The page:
And here ensued a scene of a character bordering on comedy, if any can be considered burlesque in so grave a matter. I give it as it is related in the memorial of the Cherokee Indians, on our table:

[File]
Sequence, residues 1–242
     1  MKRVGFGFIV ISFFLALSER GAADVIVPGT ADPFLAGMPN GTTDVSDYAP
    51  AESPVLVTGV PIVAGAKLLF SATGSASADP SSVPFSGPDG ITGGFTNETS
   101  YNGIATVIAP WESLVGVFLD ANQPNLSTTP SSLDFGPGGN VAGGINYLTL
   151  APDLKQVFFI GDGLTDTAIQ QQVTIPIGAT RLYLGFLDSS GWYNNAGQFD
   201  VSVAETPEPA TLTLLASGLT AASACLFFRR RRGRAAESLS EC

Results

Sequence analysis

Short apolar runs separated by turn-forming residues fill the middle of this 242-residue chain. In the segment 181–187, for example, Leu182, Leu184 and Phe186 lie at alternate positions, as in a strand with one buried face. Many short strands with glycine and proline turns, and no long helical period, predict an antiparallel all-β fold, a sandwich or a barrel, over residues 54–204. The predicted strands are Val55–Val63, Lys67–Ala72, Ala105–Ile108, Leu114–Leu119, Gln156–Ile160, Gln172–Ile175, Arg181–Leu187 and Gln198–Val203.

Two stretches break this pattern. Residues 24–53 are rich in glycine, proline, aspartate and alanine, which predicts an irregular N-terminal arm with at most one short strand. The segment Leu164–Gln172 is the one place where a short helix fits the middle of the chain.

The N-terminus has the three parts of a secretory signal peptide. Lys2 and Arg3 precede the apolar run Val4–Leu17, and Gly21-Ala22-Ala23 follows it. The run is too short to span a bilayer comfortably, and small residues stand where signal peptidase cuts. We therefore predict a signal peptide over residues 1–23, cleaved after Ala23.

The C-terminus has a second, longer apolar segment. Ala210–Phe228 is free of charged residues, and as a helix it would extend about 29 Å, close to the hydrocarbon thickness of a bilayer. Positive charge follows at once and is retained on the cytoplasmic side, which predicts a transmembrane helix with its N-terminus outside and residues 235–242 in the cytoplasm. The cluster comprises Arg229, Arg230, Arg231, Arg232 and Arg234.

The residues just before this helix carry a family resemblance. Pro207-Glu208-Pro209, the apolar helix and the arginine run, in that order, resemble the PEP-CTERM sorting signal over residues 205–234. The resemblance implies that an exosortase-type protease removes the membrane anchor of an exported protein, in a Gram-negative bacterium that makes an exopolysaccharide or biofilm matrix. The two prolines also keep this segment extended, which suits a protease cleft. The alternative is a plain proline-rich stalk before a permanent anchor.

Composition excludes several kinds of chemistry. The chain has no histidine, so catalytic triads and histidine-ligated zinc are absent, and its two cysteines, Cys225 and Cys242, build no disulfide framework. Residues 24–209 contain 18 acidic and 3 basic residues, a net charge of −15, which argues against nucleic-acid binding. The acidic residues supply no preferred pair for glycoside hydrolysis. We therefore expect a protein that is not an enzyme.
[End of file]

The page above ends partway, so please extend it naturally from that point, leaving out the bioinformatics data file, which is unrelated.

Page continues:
'In another case, in the name and authority of George R. Gilmer, Governor of Georgia, a bill was filed in chancery, in the Superior Court of Hall County, in July last, against certain sundry Cherokees praying for an injunction to stop them from digging and searching for gold within the limits of their own nation; and the bill being sworn to before the same A. S. Clayton, he awarded an injunction against the parties names in the bill as defendants commanding them, forthwith, to desist from working on those mines, under the penalty of $20,000 dollars, at a time and place where there were unmolested several thousand intruders from Georgia and other States, engaged in robbing the Nation of Gold, for which the owners were ordered not to work by the said writ. Under the authority of this injunction, the sheriff of Hall County, with an armed force, invaded the Nation, consisting of a Colonel, a Captain, and thirty or forty militia of the State of Georgia, who arrested a number of Cherokees engaged in digging for gold, who were ar first rescued by the troops of the United States stationed near the place, and conducted fifteen miles to the military camp, when a council of examination was held, and the exhibition of their respective authorities was made which resulted in the release of the sheriff and his party, and a written order by the commanding officer of the United States' troops, directing the Cherokees to submit is the authority of Georgia, and that no further protection could be extended to the Cherokees at the gold mines, as he could no longer interfere with the laws of Georgia, but would afford aid in carrying them into execution. On the return of the sheriff and his party, they passed by the Cherokees who were still engaged in digging for gold, and ordered them to desist, under the penalty of being committed to jail and proceeded to destroy their tools and machinery for gleaning gold, and after committing some further aggression they returned. Shortly afterwards, the sheriff, with a guard of four men and a process from the State of Georgia, arrested three Cherokees for disobeying the injunction, while peaceably engaged in their labors, and conducted them to Wadkinsville, before the same A. S. Clayton who then and there sentenced them to pay a fine of ninety-three dollars, cost and stand committed to prison until paid and also compelled them to give their bond in the sum of one thousand dollars for their personal appearance before his next Court, to answer the charges of violating the writ of injunction aforesaid. In custody they were retained five days, paid the cost, gave the required bond, and did appear accordingly, as bound by Judge Clayton, who dismissed them on the ground that the Governor could not be prosecutor in the case. For the unwarrantable outrage committed on their liberty and persons, no apology was made, and the cost they had paid was not refunded.'